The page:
Two For The Money

on October 07, 2005 by Mark Keizer
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Sports wagering is a $200 billion a year business, according to Walter Abrams (Al Pacino), owner of a high-stakes sports advisory service. However, watching a movie about sports wagering, specifically "Two for the Money," is a sucker bet. Once again scratching a tiresome itch, Pacino plays mentor to a young whippersnapper (see "The Recruit," "Any Given Sunday," "Devil's Advocate" and "Scent of a Woman"). His latest Svengali turn is Walter, who runs a testosterone-fueled sports-betting empire that keeps him one step away from a coronary. The company skirts New York's no-gambling laws by not actually taking money or placing bets. Walter's roster of experts, who consult their charts, make their calls and smoke their cigarettes in brick-walled Lower Manhattan digs, offer only predictions, but get a cut of any winnings that result.

On the other side of the socioeconomic scrimmage line is Brandon Lang (Matthew McConaughey). A college football standout whose career ended after a leg injury, Lang is reduced to working for a skeevy Vegas-based sports 900-line with dingy offices lifted from "Joe vs. the Volcano." But Lang has an uncanny knack for picking the winners of football games, which attracts Walter's attention. Waving his magic wand of upward mobility above Brandon's lower-middle class head, Walter flies his new protégé to New York, cleans him up and rechristens him John Anthony, picker of winners, maker of kings. Brandon's near-psychic abilities make himself and Walter rich, and soon Walter is treating him like the son he never had. But when Brandon loses his magic touch, Walter loses faith in his creation.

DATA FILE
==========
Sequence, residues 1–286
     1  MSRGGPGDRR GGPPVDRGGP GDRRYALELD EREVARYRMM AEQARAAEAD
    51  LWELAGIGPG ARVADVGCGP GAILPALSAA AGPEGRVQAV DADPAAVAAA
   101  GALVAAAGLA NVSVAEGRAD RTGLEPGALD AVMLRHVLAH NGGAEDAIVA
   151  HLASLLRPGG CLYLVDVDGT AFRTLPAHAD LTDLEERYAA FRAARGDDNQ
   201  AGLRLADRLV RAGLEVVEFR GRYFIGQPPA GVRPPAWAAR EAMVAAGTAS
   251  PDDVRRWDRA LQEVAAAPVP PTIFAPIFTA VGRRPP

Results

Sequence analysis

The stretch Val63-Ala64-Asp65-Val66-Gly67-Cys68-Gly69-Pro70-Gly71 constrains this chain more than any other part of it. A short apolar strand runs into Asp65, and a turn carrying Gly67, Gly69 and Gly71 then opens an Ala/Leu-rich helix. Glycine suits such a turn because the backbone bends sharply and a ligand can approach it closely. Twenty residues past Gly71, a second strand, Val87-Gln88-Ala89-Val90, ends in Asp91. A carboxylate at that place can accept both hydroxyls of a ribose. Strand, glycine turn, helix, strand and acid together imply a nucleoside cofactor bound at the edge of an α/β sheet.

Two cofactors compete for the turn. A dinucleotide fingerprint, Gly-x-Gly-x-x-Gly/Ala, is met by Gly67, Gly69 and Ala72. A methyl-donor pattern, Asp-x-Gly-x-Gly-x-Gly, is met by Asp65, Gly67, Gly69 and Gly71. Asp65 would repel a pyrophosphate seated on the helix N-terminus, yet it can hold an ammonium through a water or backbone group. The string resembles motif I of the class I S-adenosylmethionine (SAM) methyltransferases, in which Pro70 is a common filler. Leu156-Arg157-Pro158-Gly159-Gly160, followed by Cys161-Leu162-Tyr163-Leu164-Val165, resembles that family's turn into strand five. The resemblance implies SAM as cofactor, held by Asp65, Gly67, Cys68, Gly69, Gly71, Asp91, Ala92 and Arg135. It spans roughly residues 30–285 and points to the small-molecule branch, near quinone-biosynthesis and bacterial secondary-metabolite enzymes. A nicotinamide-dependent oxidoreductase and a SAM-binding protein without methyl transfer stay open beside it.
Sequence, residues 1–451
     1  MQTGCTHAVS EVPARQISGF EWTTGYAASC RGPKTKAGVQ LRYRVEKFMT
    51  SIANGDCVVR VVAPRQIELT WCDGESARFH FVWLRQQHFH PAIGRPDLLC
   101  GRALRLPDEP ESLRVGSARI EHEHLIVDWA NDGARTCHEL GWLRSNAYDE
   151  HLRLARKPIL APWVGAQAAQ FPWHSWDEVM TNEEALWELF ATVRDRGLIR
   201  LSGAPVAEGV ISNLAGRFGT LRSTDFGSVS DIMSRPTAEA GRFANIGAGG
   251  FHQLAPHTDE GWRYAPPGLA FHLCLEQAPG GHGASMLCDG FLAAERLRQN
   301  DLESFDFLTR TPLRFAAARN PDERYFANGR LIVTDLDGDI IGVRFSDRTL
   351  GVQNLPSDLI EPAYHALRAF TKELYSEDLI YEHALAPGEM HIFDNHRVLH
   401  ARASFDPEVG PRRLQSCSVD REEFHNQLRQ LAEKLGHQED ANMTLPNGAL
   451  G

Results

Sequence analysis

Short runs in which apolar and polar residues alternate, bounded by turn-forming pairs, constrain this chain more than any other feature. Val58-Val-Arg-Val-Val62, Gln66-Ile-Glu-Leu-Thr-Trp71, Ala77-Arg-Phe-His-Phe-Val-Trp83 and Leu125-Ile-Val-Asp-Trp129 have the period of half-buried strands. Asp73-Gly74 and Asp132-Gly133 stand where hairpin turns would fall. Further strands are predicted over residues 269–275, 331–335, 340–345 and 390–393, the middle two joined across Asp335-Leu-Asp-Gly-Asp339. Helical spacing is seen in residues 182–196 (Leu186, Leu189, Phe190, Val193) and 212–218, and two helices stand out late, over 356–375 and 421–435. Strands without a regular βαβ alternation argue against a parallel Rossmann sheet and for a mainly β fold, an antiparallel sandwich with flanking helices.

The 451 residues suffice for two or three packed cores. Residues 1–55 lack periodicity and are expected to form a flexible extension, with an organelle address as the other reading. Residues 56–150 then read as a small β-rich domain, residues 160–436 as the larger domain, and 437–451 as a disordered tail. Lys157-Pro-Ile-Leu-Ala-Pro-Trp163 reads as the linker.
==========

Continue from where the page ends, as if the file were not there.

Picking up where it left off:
"Two for the Money" combines the father-son dynamic of "Wall Street" with the manly-man vocational toiling of "Boiler Room." But director D.J. Caruso, core audience in the crosshairs, fetishizes the boys and their toys without commenting on their behavior or extracting any larger societal meaning from it. Is Walter a manipulative enabler of gambling addicts or a worthy recipient of capitalism's rewards? If "Two for the Money" is a parable, don't be surprised to find yourself rooting for evil, which looks like so much beer-infused fun. Indeed, after the deliciously wicked scene in which Walter passes out business cards at a Gambler's Anonymous meeting, we start believing that the thrill of living on the edge is actually worth the inevitable downfall.

Screenwriter Dan Gilroy pokes around the edges of his characters, but intriguing bits are fuzzily realized. When Brandon starts losing, he and Walter play a manipulation game that ambles around trying to find its point. Also needing sharper focus is Walter's marriage to Toni (Rene Russo). She's a former junkie in charge of keeping Walter's excesses at bay. But with Walter fixated on Brandon's eclipsing of his master, she becomes the fulcrum keeping both men from destroying each other. But a fulcrum is not a movie character and the always enjoyable Russo struggles to make Toni an independent creation.

Pacino fans worried about the fate of the surrounding scenery, fear not: The Oscar winner keeps his flamboyance at acceptable levels, although he taps liberally into his kegfull of mannerisms. McConaughey is a good actor, but this film just furthers the notion that his career is always circling the runway, never coming in for a landing. Whether in rags or enjoying his riches, he's a supremely handsome man, so his transformation here has no convincing physical manifestation. But watch out, ladies. With a topless Lang pumping iron in his office gym, the Beefcake Threat Level is always Elevated. And finally, like Brandon's multiple bench presses, the film is simply too repetitive. The fate of the world always seems to rest on the outcome of the big game. And after the umpteenth big game, we're long past caring. Starring Al Pacino, Matthew McConaughey and Rene Russo. Directed by D.J. Caruso. Written by Dan Gilroy. Produced by Jay Cohen. A Universal release. Drama. Rated R for pervasive language, a scene of sexuality and a violent act. Running time: 122 min

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